16. ’Many years ago Dr. Spry (Note on the Fossil Palms and Shells lately discovered on the Table-Land of Sagar in Central India, in J.A.S.B. for 1833, vol. ii, p. 639) and, subsequently to him, Captain Nicholls (Journal of Asiatic Soc. of Bombay, vol. v, p. 614), studied and described certain trunks of palm-trees, whose silicified remains are found imbedded in the soft intertrappean mud-beds near Sagar. . . . The trees are imbedded in a layer of calcareous black earth, which formed the surface soil in which they grew; this soil rests on, and was made up of the disintegration of, a layer of basalt. It is covered over by another and similar layer of the same rock near where the trees occur. . . . The palm-trees, now found fossilized, grew in the soil, which, in the condition of a black calcareous earthy bed, we now find lying round their prostrate stems. They fell (from whatever cause), and lay until their silicification was complete. A slight depression of the surface, or some local or accidental check of some drainage-course, or any other similar and trivial cause, may have laid them under water. The process of silicification proceeded gradually but steadily, and after they had there, in lapse of ages, become lapidified, the next outburst of volcanic matter overwhelmed them, broke them, partially enveloped, and bruised them, until long subsequent denudation once more brought them to light’ (J. G. Medlicott, in Memoirs of the Geological Survey of India, vol. ii. Part II, pp. 200, 203, 204, 205, 216, as quoted in C. P. Gazetteer (1870), p. 435). The intertrappean fossils are all those of organisms which would occur in shallow fresh-water lakes or marshy ground.
Besides the author’s friend and relative, Dr. H. H. Spry, Dr. Spilsbury contributed papers on the Nerbudda fossils to vols. iii, vi, viii, ix, x, and xiii of the J.A.S.B. Other writers also have treated of the subject, but it appears to be by no means fully worked out. James Prinsep, to whom no topic came amiss, discussed the Jubbulpore fossil bones in the volume in which Dr. Spry’s paper appeared. Dr. Spry was the author of a work entitled Modern India: with Illustrations of the Resources and Capabilities of Hindustan (2 vols. 8vo, 1838). He became F.R.S.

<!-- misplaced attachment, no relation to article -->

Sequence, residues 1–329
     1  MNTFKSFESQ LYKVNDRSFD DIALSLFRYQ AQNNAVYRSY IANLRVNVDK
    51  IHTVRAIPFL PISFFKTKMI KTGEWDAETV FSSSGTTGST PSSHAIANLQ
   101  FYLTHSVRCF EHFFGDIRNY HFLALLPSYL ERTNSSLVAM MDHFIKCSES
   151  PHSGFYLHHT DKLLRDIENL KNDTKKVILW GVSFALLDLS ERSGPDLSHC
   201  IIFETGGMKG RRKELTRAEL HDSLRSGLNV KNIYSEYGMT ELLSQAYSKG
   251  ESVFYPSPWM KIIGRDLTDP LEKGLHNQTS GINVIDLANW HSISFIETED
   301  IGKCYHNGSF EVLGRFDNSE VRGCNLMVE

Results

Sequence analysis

Legend of the Sagar Lake—Paralysis from eating the Grain of the Lathyrus sativus.
The cantonments of Sagar are about two miles from the city and occupied by three regiments of native infantry, one of local horse, and a company of European artillery. The city occupies two sides of one of the most beautiful lakes of India, formed by a wall which unites two sandstone hills on the north side. The fort and part of the town stands upon this wall, which, according to tradition, was built by a wealthy merchant of the Banjara caste. After he had finished it, the bed of the lake still remained dry; and he